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WhatsApp tightens message sharing limit to curb coronavirus misinformation

New policy restricts users to one chat at a time

Reporting | - Posted: Apr 8, 2020 | Last Updated: 7 months ago
Posted: Apr 8, 2020 | Last Updated: 7 months ago
WhatsApp tightens message sharing limit to curb coronavirus misinformation

Photo: AFP

WhatsApp on Tuesday placed new limits on message forwarding as part of an effort to curb the spread of misinformation about the COVID-19 pandemic.

The new policy limits users to forwarding certain messages to one “chat” at a time, aiming to limit the rapid propagation of content that is provocative but likely to be false.

The Facebook-owned messaging platform said it took the action to enable people to concentrate on personal and private communications during the health crisis.

In recent weeks, “we’ve seen a significant increase in the amount of forwarding which users have told us can feel overwhelming and can contribute to the spread of misinformation,” WhatsApp said in a blog post.

“We believe it’s important to slow the spread of these messages down to keep WhatsApp a place for personal conversation.”

Last year, WhatsApp set limits on forwarded messages to five chats at a time, “to constrain virality,” responding to events in India where the rapid proliferation of unverified information led to mob violence.

The new policy applies to messages forwarded “many times” and marked with a double-arrow, indicating that it did not originate from a close contact, according to WhatsApp.

“In effect, these messages are less personal compared to typical messages sent on WhatsApp,” the blog said.

“We are now introducing a limit so that these messages can only be forwarded to one chat at a time.”

Damian Collins, a British member of parliament and co-founder of the Infotagion fact-check blog, called the move “a timely intervention,” noting that WhatsApp was being used to spread recent hoaxes that 5G wireless networks were spreading the virus.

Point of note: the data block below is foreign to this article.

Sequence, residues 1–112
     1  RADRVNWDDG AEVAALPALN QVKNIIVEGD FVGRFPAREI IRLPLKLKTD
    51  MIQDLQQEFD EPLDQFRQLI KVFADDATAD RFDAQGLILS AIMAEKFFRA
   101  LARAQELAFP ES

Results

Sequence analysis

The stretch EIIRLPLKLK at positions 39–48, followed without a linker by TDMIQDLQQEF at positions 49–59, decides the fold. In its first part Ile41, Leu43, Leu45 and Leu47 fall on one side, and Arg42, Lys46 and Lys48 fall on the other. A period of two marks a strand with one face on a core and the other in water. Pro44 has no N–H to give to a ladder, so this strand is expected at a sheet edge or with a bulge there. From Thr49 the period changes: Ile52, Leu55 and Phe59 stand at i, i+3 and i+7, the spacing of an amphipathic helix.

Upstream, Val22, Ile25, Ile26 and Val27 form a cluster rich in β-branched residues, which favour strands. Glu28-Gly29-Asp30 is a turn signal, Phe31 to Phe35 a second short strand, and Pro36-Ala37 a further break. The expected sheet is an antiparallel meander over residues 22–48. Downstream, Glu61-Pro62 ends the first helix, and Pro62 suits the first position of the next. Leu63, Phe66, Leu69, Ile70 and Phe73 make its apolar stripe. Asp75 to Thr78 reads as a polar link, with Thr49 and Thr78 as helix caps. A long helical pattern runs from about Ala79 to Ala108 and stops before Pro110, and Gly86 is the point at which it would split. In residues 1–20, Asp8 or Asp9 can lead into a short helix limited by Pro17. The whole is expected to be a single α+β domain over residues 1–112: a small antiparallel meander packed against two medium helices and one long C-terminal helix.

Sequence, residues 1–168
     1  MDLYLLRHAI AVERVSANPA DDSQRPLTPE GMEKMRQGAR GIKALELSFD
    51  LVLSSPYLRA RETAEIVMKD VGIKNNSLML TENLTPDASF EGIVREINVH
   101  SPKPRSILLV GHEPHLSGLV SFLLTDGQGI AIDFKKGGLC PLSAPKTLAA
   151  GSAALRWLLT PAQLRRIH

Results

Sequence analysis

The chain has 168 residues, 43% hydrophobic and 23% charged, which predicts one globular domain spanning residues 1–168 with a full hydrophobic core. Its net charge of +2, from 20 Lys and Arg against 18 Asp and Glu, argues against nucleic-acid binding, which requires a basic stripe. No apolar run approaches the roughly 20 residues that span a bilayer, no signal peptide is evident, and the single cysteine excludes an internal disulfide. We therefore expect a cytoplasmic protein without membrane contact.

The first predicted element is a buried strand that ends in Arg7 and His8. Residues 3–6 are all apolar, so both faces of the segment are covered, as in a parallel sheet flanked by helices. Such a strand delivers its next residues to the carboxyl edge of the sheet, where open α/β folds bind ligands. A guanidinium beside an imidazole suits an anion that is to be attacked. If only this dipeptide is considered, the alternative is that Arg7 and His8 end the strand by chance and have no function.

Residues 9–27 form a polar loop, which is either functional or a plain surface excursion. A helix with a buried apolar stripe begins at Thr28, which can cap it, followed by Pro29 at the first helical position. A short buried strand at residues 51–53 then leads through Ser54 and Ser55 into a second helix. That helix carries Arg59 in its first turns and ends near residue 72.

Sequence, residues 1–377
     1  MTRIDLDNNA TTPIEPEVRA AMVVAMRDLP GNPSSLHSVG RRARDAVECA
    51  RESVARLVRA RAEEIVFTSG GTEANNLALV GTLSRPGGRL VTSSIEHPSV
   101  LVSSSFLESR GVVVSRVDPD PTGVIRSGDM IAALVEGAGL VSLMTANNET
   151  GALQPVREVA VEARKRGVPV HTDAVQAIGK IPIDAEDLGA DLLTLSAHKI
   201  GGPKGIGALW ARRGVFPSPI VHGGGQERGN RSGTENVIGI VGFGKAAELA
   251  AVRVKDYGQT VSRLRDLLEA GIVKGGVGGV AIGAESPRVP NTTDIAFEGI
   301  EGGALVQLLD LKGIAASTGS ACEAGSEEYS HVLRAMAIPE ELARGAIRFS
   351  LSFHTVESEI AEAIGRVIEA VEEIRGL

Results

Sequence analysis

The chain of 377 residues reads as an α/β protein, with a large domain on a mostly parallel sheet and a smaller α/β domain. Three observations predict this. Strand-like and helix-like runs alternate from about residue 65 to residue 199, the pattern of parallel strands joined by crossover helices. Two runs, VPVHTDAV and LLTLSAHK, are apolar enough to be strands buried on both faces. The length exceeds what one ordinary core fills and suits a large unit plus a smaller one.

“The online conspiracy theories about #5G exposed last week, and their real-life consequences, are a clear call to fight disinformation about #COVID19,” Collins tweeted.

“A lot of the false content sent to us at @infotagion came from @WhatsApp.”

Scrambling to stop hoaxes

WhatsApp along with its parent Facebook have been scrambling to curb an explosion of rumors and hoaxes about the coronavirus and at the same time seeking to promote verified content.

With more than a billion users worldwide, WhatsApp has become a key source of information and communication during the pandemic.

Facebook said last month it has nearly doubled server capacity to power WhatsApp as people in isolation place more voice and video calls using the popular messaging service.

But WhatsApp has also been used to spread inaccurate information about the COVID-19 outbreak including about untested treatments.

Irish Prime Minister Leo Varadkar last month warned people against sharing unverified coronavirus information on the messaging platform.

“These messages are scaring and confusing people and causing real damage. Please get your info from official, trusted sources,” the leader tweeted.

One problem faced by the messaging service is that the encrypted information is seen only by the sender and recipient, making it harder for fact-checkers to debunk.

WhatsApp said that as part of its efforts to fight the spread of false information, it was working with the World Health Organisation and some 20 national health ministries, “to help connect people with accurate information.”

The platform has been funding fact checking organisations and created a Coronavirus Information Hub within the app.

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